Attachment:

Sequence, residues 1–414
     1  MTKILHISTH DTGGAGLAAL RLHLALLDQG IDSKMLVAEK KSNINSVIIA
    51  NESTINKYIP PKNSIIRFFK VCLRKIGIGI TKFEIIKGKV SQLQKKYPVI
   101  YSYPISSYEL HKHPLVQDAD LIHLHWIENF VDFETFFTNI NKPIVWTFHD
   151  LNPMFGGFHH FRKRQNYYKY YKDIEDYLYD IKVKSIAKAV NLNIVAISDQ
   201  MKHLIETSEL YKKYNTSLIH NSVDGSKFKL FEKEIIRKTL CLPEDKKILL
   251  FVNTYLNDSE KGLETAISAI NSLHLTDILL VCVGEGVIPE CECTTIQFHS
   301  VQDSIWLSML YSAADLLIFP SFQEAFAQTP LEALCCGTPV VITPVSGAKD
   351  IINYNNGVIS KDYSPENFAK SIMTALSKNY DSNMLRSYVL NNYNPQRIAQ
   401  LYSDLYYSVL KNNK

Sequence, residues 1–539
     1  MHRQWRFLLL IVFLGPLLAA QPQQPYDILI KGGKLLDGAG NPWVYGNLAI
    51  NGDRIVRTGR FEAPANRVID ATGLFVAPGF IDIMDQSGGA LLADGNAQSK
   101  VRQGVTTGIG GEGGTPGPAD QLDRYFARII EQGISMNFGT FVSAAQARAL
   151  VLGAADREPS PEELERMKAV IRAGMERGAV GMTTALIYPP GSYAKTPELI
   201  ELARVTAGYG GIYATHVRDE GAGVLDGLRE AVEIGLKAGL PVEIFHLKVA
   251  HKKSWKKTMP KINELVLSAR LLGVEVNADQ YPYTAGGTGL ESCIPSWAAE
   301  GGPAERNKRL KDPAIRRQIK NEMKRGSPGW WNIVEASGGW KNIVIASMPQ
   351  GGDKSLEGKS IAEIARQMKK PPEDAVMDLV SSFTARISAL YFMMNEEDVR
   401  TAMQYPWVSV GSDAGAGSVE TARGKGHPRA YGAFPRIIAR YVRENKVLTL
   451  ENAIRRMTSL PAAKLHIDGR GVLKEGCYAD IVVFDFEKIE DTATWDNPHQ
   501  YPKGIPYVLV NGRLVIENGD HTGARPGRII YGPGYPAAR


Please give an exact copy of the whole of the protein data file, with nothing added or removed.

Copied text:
Sequence, residues 1–414
     1  MTKILHISTH DTGGAGLAAL RLHLALLDQG IDSKMLVAEK KSNINSVIIA
    51  NESTINKYIP PKNSIIRFFK VCLRKIGIGI TKFEIIKGKV SQLQKKYPVI
   101  YSYPISSYEL HKHPLVQDAD LIHLHWIENF VDFETFFTNI NKPIVWTFHD
   151  LNPMFGGFHH FRKRQNYYKY YKDIEDYLYD IKVKSIAKAV NLNIVAISDQ
   201  MKHLIETSEL YKKYNTSLIH NSVDGSKFKL FEKEIIRKTL CLPEDKKILL
   251  FVNTYLNDSE KGLETAISAI NSLHLTDILL VCVGEGVIPE CECTTIQFHS
   301  VQDSIWLSML YSAADLLIFP SFQEAFAQTP LEALCCGTPV VITPVSGAKD
   351  IINYNNGVIS KDYSPENFAK SIMTALSKNY DSNMLRSYVL NNYNPQRIAQ
   401  LYSDLYYSVL KNNK

Sequence, residues 1–539
     1  MHRQWRFLLL IVFLGPLLAA QPQQPYDILI KGGKLLDGAG NPWVYGNLAI
    51  NGDRIVRTGR FEAPANRVID ATGLFVAPGF IDIMDQSGGA LLADGNAQSK
   101  VRQGVTTGIG GEGGTPGPAD QLDRYFARII EQGISMNFGT FVSAAQARAL
   151  VLGAADREPS PEELERMKAV IRAGMERGAV GMTTALIYPP GSYAKTPELI
   201  ELARVTAGYG GIYATHVRDE GAGVLDGLRE AVEIGLKAGL PVEIFHLKVA
   251  HKKSWKKTMP KINELVLSAR LLGVEVNADQ YPYTAGGTGL ESCIPSWAAE
   301  GGPAERNKRL KDPAIRRQIK NEMKRGSPGW WNIVEASGGW KNIVIASMPQ
   351  GGDKSLEGKS IAEIARQMKK PPEDAVMDLV SSFTARISAL YFMMNEEDVR
   401  TAMQYPWVSV GSDAGAGSVE TARGKGHPRA YGAFPRIIAR YVRENKVLTL
   451  ENAIRRMTSL PAAKLHIDGR GVLKEGCYAD IVVFDFEKIE DTATWDNPHQ
   501  YPKGIPYVLV NGRLVIENGD HTGARPGRII YGPGYPAAR